New Island Created by Explosive Underwater Volcano Eruption


A new island has formed following an explosive underwater volcano eruption in Japan.

The freshly formed isle lies off the coast of Iwo Jima, south of Tokyo. When underwater volcanoes, also known as seamounts, erupt, the build of lava occasionally breaks the surface of the water. This causes an island to form.

The eruption occurred on October 30, following an elevated period of unrest. Magma had been accumulating for quite some time, and finally breached the surface, creating a new island. Prior to this island being formed, Iwo Jima had emitted volcanic tremors every two minutes since the middle of October, according to the Japan Meteorological Agency (JMA).

Setsuya Nakada, a professor of volcanology at the University of Tokyo, told Newsweek that the eruption offshore of Iwo Jima, also known as Iwoto, started last year. It then resumed on October 21.

“The depth of sea bottom when the eruption started last year was as shallow as 50 meters [164 feet],” Nakada said. “About 10 days after the resumption of its phreatomagmatic eruption the accumulation of erupted materials—rock, pumice, sand—accumulated on the sea bottom and the top reached the sea surface. By continuation of such the phreatomagmatic eruption, the islet increased its size.”

Japan’s Maritime Self-Defence Force’s air base had been keeping tabs on the situation, before they heard a loud eruption taking place. Ash and sand were also witnessed flying high when the eruption was underway.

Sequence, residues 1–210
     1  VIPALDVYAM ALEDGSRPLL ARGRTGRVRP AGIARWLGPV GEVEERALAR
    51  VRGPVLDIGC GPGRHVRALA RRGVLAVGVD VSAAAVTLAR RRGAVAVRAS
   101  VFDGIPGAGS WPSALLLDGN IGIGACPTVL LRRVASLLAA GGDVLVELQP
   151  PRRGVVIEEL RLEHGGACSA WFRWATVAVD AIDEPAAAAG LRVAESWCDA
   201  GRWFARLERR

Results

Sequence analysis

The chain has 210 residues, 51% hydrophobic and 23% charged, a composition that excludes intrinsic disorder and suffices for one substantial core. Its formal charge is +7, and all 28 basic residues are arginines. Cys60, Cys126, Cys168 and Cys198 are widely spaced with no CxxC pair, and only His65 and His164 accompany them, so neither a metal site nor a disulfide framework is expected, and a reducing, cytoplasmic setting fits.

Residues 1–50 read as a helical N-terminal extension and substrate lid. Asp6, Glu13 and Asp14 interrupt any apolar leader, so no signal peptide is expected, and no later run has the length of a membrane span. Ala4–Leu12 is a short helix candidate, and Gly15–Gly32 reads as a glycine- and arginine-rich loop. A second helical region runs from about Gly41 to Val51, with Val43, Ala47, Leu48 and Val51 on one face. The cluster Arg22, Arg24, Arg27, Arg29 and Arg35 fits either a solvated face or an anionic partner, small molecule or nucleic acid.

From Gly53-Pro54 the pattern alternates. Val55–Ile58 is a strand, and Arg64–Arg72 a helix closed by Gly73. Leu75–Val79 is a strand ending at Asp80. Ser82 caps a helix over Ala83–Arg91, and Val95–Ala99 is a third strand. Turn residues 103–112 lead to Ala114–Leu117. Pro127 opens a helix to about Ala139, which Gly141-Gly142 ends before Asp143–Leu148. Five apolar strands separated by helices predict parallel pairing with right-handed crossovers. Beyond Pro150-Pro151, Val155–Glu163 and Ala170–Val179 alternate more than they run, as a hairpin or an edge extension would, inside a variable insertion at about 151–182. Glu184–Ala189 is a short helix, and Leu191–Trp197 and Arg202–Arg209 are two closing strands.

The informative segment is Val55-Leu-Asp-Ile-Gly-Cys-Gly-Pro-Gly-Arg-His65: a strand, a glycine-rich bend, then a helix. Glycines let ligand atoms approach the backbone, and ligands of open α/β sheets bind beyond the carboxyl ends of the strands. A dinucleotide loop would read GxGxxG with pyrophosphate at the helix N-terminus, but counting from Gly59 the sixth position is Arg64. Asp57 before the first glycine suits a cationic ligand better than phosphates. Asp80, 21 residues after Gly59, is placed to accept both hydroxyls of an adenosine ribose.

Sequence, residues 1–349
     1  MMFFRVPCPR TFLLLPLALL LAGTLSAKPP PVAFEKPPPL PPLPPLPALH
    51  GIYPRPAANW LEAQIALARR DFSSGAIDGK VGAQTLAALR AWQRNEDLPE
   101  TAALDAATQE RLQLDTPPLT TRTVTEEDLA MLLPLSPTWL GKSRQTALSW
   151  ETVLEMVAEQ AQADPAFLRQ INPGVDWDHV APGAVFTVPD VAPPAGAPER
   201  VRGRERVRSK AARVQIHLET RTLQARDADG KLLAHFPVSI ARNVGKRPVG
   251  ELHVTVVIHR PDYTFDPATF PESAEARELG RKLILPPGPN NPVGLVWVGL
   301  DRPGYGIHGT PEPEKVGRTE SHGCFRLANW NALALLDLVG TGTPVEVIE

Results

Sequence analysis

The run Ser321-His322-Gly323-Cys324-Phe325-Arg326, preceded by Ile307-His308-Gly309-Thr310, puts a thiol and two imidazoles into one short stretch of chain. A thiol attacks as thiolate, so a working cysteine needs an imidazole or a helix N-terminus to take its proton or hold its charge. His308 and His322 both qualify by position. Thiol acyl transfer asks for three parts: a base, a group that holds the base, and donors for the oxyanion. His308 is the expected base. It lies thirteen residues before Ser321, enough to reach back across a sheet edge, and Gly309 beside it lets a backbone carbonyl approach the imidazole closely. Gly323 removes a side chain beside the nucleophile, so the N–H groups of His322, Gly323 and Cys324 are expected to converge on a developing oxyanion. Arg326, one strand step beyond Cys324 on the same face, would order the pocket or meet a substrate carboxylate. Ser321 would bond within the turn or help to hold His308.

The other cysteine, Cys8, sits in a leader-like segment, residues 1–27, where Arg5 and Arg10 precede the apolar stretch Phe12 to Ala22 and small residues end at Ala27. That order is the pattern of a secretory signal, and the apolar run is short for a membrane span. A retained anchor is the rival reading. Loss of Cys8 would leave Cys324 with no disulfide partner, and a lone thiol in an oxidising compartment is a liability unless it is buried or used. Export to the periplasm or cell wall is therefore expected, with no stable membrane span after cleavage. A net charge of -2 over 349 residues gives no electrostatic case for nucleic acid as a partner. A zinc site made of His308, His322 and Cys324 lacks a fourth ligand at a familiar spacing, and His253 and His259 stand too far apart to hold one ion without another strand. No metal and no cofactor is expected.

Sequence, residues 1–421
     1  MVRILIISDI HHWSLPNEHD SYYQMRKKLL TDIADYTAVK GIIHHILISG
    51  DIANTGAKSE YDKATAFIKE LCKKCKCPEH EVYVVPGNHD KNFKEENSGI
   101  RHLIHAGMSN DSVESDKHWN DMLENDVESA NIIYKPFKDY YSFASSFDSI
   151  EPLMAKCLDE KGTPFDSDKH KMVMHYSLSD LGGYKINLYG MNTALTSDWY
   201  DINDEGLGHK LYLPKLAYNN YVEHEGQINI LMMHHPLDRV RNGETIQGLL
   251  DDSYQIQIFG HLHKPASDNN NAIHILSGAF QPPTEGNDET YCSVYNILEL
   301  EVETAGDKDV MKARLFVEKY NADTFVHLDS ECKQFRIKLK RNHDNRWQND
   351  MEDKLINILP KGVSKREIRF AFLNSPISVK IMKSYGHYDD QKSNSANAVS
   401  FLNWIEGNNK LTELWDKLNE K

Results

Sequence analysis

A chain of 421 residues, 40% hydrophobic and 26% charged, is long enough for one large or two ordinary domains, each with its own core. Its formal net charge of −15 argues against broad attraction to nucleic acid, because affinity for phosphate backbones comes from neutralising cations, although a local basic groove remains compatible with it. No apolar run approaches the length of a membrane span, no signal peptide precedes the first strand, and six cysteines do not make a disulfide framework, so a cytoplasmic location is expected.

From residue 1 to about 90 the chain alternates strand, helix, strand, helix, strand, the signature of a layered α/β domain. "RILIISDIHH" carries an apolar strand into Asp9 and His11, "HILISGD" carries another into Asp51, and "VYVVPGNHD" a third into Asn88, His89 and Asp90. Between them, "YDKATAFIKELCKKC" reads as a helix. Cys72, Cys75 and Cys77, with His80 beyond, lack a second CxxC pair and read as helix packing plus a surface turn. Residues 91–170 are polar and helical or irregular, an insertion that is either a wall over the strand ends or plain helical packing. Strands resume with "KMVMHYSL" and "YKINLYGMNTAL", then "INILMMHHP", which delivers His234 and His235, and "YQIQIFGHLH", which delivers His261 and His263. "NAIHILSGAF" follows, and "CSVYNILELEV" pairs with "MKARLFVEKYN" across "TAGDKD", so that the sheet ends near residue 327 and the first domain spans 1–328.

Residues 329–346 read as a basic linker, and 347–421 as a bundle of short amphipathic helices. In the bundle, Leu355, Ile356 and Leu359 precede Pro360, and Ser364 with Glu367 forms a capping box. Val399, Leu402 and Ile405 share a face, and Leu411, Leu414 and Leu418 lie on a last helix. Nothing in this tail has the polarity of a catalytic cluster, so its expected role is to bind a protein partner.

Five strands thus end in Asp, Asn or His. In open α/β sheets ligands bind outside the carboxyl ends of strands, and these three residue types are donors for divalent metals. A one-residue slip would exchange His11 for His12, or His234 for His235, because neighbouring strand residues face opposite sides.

The JMA had previously detected a rising island from the depths.

A picture shows Iwo Jima from above. Underwater volcanoes surrounding the area have formed a new island.

The new island is now part of the tropical Ogasawara Islands, consisting mainly of rock. The island could even become bigger, as volcanic activity continues.

“On November 3 when I flew over, the eruption style had changed, with reddish brown volcanic ash and volcanic bombs had exploded repeatedly from inside the crater,” Nakada said. “Volcanic ash and bombs reached ejected masses as high as 100 meters above, and they collapsed and returned to the crater, then an ash cloud laterally moved from the crater even on the sea surface. This phenomenon indicates that the magma was able to reach the sea surface without any contact with sea water.”

It is not known whether the island will become a permanent part of the landscape. But it is possible that continued lava flow in the area will help to preserve it, Nakada told the Japan Times.

“The areas that don’t have lava could be scraped away. So if more and more lava comes out, and covers the area, I think that part will remain forever.”

Japan is one of the most volcanic countries in the world. It lies where four tectonic plates meet, meaning it is a hotbed for volcanic and seismic activity.

New islands have formed in the Ogasawara islands before. A new island also formed in 2013, following an underwater volcanic eruption.

This island then merged with an existing island called Nishinoshima. This island was also formed following an underwater eruption. Officials will continue to monitor the ongoing volcanic activity in the coming days.

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